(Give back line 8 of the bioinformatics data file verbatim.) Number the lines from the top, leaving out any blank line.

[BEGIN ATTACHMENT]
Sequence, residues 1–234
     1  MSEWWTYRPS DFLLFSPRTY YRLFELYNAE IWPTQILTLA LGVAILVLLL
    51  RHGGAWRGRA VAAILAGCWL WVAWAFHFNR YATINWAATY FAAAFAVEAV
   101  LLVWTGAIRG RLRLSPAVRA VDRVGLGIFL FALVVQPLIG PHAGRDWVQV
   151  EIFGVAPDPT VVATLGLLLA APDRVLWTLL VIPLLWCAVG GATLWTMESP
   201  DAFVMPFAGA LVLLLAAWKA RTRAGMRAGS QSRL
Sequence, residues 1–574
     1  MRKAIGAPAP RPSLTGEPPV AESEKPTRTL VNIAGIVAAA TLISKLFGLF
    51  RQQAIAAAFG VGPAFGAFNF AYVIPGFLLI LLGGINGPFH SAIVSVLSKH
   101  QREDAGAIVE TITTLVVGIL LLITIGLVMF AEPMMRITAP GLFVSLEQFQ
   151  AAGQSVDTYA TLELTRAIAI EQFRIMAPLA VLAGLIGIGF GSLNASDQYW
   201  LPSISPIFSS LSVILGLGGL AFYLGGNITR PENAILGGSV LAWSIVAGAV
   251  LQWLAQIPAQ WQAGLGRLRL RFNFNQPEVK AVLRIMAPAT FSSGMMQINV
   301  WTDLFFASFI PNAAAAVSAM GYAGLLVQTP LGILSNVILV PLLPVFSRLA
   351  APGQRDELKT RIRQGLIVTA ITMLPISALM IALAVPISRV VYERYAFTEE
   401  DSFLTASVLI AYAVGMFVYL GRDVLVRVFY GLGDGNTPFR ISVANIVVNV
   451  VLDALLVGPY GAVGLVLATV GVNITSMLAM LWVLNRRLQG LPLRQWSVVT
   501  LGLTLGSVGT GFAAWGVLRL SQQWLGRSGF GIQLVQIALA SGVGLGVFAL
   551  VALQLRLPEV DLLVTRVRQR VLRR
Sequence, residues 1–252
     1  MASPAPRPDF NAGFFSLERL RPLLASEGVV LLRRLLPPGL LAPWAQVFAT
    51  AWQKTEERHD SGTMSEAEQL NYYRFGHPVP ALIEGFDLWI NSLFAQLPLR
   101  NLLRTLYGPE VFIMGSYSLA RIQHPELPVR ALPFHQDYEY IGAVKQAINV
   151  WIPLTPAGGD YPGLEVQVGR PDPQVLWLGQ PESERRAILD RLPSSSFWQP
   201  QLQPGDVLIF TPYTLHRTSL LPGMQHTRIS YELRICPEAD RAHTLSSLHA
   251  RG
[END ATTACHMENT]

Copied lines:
     1  MRKAIGAPAP RPSLTGEPPV AESEKPTRTL VNIAGIVAAA TLISKLFGLF